Editor's Comment: Stage V engine regulations
By Chris Sleight18 May 2015
Construction equipment exhibitions always seem to throw up a few surprises. That was certainly true of last month’s Intermat exhibition, where I saw an increasing number of all-electric construction machines and tools, particularly at the lighter end of the market, as well as the world’s first production hybrid wheeled loader, which was presented by Hitachi.
All this and more is covered in this month’s equipment pages, and there is a lot more coverage online at www.khl.com, with all of our daily news coverage from the show, as well as numerous videos.
I found it quite striking that the industry has found the time and money to innovate like this at a time when global markets are not great – particularly for those exposed to the mining sector – and when the heavy burden of Tier 4 Final/Stage IV emissions laws have weighed on pretty much all manufacturers.
With the implementation of Stage IV coming to an end, there should be more R&D budgets freed up for other projects. That could mean more fuel-saving hybrid machines coming onto the market, or more high technology being introduced in the machine control and telematics area. Or who knows what.
But just when you thought it was safe to forget about engine emissions laws for the first time in 15 or 20 years, Stage V has reared its head in Europe.
Nothing is set in stone, but at the moment it looks like these new regulations will come into force in 2019 and 2020. They are targeted at reducing levels of very fine particulates in exhaust streams and will apply to all engine types and sizes in off-highway equipment, not just 19 – 560 kW diesel engines.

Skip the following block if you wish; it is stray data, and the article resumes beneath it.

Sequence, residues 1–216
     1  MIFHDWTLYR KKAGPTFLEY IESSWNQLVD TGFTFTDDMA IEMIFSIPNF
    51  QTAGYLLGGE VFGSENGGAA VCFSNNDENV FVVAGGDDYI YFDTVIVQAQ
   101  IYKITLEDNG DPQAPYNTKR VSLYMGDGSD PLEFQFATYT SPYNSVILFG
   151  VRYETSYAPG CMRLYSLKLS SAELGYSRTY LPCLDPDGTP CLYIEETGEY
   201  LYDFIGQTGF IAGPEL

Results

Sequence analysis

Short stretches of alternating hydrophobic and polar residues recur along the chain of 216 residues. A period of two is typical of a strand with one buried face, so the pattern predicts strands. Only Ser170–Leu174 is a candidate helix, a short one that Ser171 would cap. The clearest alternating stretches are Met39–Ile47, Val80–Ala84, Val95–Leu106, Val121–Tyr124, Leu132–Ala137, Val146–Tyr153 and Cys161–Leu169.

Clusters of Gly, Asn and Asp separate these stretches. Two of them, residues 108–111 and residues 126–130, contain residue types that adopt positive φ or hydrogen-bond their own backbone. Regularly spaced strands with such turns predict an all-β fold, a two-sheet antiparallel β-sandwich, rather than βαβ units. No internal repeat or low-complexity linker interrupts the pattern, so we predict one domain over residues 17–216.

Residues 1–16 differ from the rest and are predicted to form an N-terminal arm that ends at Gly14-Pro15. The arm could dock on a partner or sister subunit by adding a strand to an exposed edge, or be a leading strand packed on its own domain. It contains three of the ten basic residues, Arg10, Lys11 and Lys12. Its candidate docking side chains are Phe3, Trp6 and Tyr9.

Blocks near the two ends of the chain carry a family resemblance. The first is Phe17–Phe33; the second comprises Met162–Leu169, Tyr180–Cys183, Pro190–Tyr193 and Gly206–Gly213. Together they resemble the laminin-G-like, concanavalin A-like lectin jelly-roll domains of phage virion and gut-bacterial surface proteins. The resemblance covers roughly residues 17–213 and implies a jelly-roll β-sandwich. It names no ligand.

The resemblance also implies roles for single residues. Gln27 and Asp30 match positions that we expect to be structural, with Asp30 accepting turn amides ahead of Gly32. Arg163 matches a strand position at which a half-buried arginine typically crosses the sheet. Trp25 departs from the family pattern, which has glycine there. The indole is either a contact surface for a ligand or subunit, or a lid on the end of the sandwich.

Engine manufacturers and equipment makers seem confident they can meet these requirements, which are similar to the Euro 6 laws for trucks, however, there is a very big worry for equipment owners buried in the regulations.
Under legislation to date, if a machine needs a new engine, it can be replaced with a unit of the same Stage as the one originally fitted. However, under the new laws there is no provision for ‘old stage’ replacement engines.
This is a crucial point. Replacing an engine in a construction machine is not like changing a battery in a torch. The steady drip of legislation over the years has seen engines get much bigger and more complicated, requiring ever-more sophisticated software to run them and changing requirements for cooling systems.
You simply can’t drop a Stage IV engine into a machine originally fitted with a Stage II engine ten years ago. It won’t fit (by a long way!) and there won’t be the electronic and cooling systems on-board to allow it to run. With no replacement engine provision in the Stage V laws, whole machines would have to be scrapped if the engine has an un-repairable failure.
So this is a big issue, and one which the industry is lobbying hard on as new laws are modified and finalised.
It is one to watch, and one which could have a big impact on contractors and rental companies.